Equipped with a bunch of robotic skills that are semantically annotated with conditions and effects, the semantic skill recognizer algorithm can infer parameterized skills online during a demonstration that can reproduce the shown task. The identified skill sequence is shown in a graphical user interface (GUI), where it can inspected and modified.
DLR (CC BY-NC-ND 3.0).
Fault tolerant six-DoF pose estimation for the tendon-driven DLR DAVID neck robot. Several polynomial estimators are trained with structured occlusions of the available sensor information, and clustered into ensembles based on the available sensors. By computing the variance of one ensemble, the uncertainty in the prediction is monitored and, if the variance is above a threshold, sensor loss is detected and handled.
ISL is a research group in the department of cognitive robotics.
Many robots are general-purpose systems, designed to be able to perform a wide variety of tasks. But they can only do so in practice if they also have a wide variety of skills for solving those tasks. The aim of the "Interactive Skill Learning" group is to develop methods that enable robots to quickly and effectively acquire new skills, through programming by demonstration, reinforcement learning, and intuitive programming.
To make skill acquisition quick and effective, we believe that robots must be able to acquire their skills through a combination of prior knowledge and data-driven methods. Therefore, we aim at enabling humans with different levels of robotic expertise to transfer their knowledge and experience about skills and tasks to the robot. For instance, we develop methods for robotic experts to specify their knowledge about task constraints as virtual fixtures, geometric primitives, and manifolds. An example of such a constraint in everyday life "hold a cup upright if it is not empty". For users without expertise in robotics, we investigate methods that allow such constraints to be extracted from demonstrations, and or to be specified via an intuitive graphical interface. Such explicit constraints generalize well to novel tasks or even to different robots, rather than using statistical representations alone.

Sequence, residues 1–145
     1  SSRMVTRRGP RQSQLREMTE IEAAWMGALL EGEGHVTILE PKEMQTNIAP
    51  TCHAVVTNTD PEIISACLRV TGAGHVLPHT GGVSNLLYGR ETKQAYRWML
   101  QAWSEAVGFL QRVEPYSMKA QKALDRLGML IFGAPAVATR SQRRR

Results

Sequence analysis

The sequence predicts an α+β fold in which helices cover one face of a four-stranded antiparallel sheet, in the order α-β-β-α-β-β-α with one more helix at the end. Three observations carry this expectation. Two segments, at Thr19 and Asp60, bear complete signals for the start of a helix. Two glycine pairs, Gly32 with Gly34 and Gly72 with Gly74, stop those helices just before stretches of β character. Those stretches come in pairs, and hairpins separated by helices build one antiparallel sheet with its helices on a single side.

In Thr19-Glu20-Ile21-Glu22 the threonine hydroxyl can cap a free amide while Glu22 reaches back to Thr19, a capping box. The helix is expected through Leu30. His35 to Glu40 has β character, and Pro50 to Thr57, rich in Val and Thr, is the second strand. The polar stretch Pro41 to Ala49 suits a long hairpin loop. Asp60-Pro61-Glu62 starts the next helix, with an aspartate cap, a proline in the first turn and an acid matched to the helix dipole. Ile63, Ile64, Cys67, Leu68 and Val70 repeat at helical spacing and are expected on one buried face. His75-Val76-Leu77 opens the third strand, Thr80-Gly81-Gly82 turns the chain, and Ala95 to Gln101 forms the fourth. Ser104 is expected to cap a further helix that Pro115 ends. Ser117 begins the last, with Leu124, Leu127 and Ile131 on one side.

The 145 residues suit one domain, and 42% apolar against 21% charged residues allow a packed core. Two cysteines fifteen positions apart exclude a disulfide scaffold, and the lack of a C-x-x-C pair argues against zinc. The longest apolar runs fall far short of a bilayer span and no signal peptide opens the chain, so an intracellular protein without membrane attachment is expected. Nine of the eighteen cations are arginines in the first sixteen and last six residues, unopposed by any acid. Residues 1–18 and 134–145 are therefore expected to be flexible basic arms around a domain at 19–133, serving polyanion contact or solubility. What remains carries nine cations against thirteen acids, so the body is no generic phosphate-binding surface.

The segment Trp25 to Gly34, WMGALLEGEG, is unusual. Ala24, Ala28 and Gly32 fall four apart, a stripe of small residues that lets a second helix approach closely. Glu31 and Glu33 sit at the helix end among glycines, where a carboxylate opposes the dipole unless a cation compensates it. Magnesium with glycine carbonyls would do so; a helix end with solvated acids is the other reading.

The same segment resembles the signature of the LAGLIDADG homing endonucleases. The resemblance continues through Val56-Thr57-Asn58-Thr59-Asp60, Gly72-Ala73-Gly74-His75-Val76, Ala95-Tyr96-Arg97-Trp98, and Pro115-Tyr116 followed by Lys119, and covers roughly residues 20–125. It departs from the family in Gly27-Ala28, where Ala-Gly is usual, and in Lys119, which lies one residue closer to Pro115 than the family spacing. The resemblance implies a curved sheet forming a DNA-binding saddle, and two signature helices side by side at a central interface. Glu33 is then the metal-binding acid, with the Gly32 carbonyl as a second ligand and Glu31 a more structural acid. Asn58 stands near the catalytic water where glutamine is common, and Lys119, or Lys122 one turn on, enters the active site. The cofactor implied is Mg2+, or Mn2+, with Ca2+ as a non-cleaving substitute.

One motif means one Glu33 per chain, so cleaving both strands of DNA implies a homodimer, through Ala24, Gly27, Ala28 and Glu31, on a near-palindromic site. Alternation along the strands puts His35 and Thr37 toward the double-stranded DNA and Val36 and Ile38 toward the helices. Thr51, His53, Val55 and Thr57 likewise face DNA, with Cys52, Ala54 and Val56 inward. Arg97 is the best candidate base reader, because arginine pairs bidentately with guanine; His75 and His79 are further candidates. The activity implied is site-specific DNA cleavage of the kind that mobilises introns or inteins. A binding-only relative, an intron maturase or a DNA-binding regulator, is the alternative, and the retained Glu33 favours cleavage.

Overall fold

Once robots have acquired skills for a particular task, they should improve these skills over time, in terms of speed, energy-efficiency and robustness. To do so, we use black-box optimization and reinforcement learning. An important pillar of our research is that learning and exploration are purposeful, i.e. that the search space is explored efficiently with the help of prior knowledge - again specified by humans. As humans have a lot of prior commonsense knowledge about how to solve tasks, we do not subscribe to learning from scratch on robots. What is known, need not be learned.
Humans are particularly good at understanding how to break down a large task into smaller subtasks. To transfer this knowledge, we provide intuitive graphical tools for skill and task programming. These tools are used to initialize skills, define tasks, and monitor the system during execution. The challenge here is to make the system transparent, find a consistent mental model, increase self-descriptiveness, and reduce the workload. Different interaction modalities are to be integrated in a goal-oriented way and according to user preferences. A dynamically adaptable degree of autonomy should increase user acceptance. This is supported by user intention recognition and continuous system feedback.